8 New Year’s Resolutions for Sledders
If the last year has taught us anything it’s that…well let’s be honest, we haven’t really learned much in the past 12 months except that pandemics suck and our supply chains are apparently as reliable as a 1973 Dodge.
But since parts and component shortages have left some sledders with extra time on their hands this season, what better way to spend that time than on a little self-improvement?
We could easily fill up pages with real advice on topics like healthy eating, safe riding, avalanche course training, and the importance of joining a snowmobile club.
Instead, we have decided to delve into the oft overlooked area of sledder etiquette. This code of conduct is especially important when you’re out riding with a new or unfamiliar group of riders this winter.
Here are eight New Year’s Resolutions for sledders that will refine your social behaviour and help ensure you get invited back when the powder gets deep again in the new year.
1) Brush Up on Basic Math
I know, math is hard. Sometimes it is totally necessary though, especially at the gas station. For example: when the buddy who you’re riding with fuels up his truck. In this case, you’ll need to work out your fair share of the expense.
Here’s how it works. If there are two of you in the truck, that means your share is half. If I’ve lost you already, that means that for every $100 in fuel, you need to put in $50. Small trades don’t count either. The argument, “Well, you got the fuel but I got the coffee,” does not add up. $4 is not greater than or equal to $50. Sorry.
If you’re ever unsure of your exact total, round UP.
2) Double Check Your Gear
Put your gear out and check it over the night before your ride. Make 100% sure that you have everything that you will need. Make a list if you must, there’s no shame in that.
You know what is shameful? Spoiling everyone’s morning while you dick around in the parking lot wrapping your New Balance in duct tape and plastic bags from 7-11 because you forgot your riding boots.
Forget your safety or avalanche gear and you will seriously impact your standing with the group!
3) Get Out of Bed on Time
Set an alarm. Set three alarms. Stay up all night. Whatever you have to do, if you have someone picking you up or meeting you at 5:30 am, then be ready to go at 5:30 am.
Probably the most sure-fire way to void your next invitation is to hold everyone up on the way to the mountains. They want to ride as much as you should!
4) Practice Not Looking
I know this one sounds a little strange, but trust me. SOMETIMES, when your riding buddy or someone you don’t know well gets stuck in an embarrassing (but safe) way, they might not actually want your help. On these occasions, the most supportive thing you can do for their ego is pretend you don’t notice that they have dug a trench deeper than Marianas.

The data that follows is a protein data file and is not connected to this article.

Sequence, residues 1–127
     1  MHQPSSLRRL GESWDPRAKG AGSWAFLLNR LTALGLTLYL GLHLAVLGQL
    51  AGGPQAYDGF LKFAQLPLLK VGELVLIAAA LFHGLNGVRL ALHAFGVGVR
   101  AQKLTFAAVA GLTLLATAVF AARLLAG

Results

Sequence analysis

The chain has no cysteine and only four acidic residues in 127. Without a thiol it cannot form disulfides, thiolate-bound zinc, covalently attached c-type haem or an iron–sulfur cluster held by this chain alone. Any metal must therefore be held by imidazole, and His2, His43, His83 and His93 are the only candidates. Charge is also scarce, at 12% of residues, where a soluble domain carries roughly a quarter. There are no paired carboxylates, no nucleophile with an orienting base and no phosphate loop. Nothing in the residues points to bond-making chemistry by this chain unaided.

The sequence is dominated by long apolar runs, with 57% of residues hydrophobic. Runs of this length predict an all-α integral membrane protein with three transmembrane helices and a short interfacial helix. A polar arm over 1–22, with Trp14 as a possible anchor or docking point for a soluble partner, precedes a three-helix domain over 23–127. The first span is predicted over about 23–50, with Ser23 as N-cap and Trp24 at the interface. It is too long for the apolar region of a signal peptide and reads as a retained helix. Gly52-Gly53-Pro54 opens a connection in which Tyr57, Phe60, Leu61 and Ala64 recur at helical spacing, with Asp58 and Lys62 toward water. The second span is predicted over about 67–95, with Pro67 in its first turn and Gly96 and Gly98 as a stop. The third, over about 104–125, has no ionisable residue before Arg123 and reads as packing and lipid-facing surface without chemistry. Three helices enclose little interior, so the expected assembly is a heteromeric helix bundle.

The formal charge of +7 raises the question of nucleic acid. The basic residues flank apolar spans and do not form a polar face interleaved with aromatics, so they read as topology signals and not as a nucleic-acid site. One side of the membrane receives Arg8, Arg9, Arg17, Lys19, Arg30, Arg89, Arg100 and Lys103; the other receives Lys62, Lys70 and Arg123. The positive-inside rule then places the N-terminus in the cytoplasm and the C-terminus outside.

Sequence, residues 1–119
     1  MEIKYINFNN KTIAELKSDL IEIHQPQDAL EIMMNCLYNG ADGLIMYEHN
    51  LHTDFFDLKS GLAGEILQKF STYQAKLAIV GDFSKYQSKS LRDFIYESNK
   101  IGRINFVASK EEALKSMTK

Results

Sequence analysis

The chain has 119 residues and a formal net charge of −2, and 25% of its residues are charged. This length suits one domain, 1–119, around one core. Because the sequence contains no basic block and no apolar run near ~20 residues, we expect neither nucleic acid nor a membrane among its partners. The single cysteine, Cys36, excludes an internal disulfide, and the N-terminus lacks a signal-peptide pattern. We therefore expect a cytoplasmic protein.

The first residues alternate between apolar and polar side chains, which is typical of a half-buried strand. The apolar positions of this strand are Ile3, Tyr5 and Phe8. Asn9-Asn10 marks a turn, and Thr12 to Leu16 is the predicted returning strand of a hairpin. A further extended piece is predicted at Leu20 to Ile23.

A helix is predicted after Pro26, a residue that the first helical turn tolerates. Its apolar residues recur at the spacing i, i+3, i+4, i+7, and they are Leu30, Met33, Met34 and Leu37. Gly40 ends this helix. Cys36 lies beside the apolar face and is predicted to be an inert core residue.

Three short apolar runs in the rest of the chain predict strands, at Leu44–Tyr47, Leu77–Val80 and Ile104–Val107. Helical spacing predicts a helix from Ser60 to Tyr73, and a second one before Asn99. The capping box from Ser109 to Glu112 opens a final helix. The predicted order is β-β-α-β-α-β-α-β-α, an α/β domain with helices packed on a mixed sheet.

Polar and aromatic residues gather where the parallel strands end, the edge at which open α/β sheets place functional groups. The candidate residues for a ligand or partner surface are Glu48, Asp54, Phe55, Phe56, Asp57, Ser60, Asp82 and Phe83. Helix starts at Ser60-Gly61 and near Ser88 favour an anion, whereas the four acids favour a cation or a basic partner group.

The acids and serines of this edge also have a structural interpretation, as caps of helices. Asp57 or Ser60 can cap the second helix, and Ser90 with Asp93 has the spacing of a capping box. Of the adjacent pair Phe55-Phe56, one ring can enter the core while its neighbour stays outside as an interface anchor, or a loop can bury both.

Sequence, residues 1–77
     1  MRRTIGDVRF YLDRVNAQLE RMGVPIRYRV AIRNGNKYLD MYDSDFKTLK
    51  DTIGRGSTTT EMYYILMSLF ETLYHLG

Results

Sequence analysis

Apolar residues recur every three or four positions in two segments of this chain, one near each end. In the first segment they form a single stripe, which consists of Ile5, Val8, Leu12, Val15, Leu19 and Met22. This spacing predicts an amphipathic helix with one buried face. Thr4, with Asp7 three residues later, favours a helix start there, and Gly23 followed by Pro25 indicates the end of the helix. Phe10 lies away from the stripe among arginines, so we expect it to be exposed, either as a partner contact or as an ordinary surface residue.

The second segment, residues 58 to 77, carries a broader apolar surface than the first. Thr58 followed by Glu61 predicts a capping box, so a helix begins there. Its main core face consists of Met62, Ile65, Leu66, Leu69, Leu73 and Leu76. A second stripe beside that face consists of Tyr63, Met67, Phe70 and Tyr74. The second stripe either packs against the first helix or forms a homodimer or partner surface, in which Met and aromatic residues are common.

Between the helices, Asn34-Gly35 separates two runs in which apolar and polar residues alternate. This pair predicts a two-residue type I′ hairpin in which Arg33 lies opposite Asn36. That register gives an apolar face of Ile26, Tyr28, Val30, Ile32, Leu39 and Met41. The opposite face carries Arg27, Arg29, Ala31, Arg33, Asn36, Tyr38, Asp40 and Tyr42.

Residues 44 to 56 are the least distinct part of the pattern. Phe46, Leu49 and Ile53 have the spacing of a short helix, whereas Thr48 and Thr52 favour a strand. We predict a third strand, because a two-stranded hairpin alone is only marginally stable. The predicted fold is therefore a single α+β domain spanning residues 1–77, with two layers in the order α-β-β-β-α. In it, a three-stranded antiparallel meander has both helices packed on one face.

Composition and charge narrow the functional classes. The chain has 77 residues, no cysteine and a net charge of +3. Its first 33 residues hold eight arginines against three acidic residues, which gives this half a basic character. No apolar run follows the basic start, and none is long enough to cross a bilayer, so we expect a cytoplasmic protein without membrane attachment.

Learn to recognize the situation and look the other way. Maybe check out that pretty bird in the tree. Or perhaps pop open your hood and check the temperature of your grilled cheese and baloney sandwich in the muffpot.
Whatever you do, do not acknowledge their dilemma. Later on at the pub you can claim plausible deniability—if they bring it up at all.
5) Don’t Try to Talk Like Your Teenage Kids
Every generation has new words and phrases. And every other generation thinks those words are ridiculous.
If the group you are riding with is decidedly the “All that and a bag of chips” generation (‘90s), then please avoid the tragic temptation to talk like your teenage kids (aughts) do today.
No one wants to hear how “lit” your “fire” move was, bruh. Depending on your group, words like ‘yeet’ and ‘fleek’ might even get you thrown right out of the truck. You have to know your audience.
6) Be Mindful of Your Pre-Ride Diet
Depending on where you are riding, you could be spending between one and six hours trapped inside of maybe three cubic meters of airspace with your riding partners.
This is not the time for them to find out that you survive on a diet of gas station burritos and draft beer. Unless of course they do too, in which case it’s a free-for-all. Just remember that the driver has parental controls and can lock out your window control.
7) Fuel up the night before
Unless the rest of the group members need sled fuel in the morning anyway, you should plan to have your sled full and ready.
If you fail to do this and utter the dreaded “Oh can we stop, I’ve just got to fill my sled,” on the way out of town, you will be remembered as a giant pain in the posterior region, for good reason. Same goes for oil. Or a spare belt. Or lunch. You get the idea.
8) Bring Beer
There is really nothing on this list that can’t be resolved with free beer. If you bring enough beer to the post-ride gathering you will almost guarantee yourself a spot on the next trip. This is science.
New Year’s Resolutions for Sledders 2022
While these resolutions should be carefully adhered to when riding with new groups of people, keep in mind that you can be a little less diligent about it when riding with your normal crew. This is especially true for Resolution #6.
Whatever your situation, remember that Resolution #8 (Anheuser-Busch’s First Law of Popularity) is the best way to make new friends and bring your old ones back for more.
Happy New Year.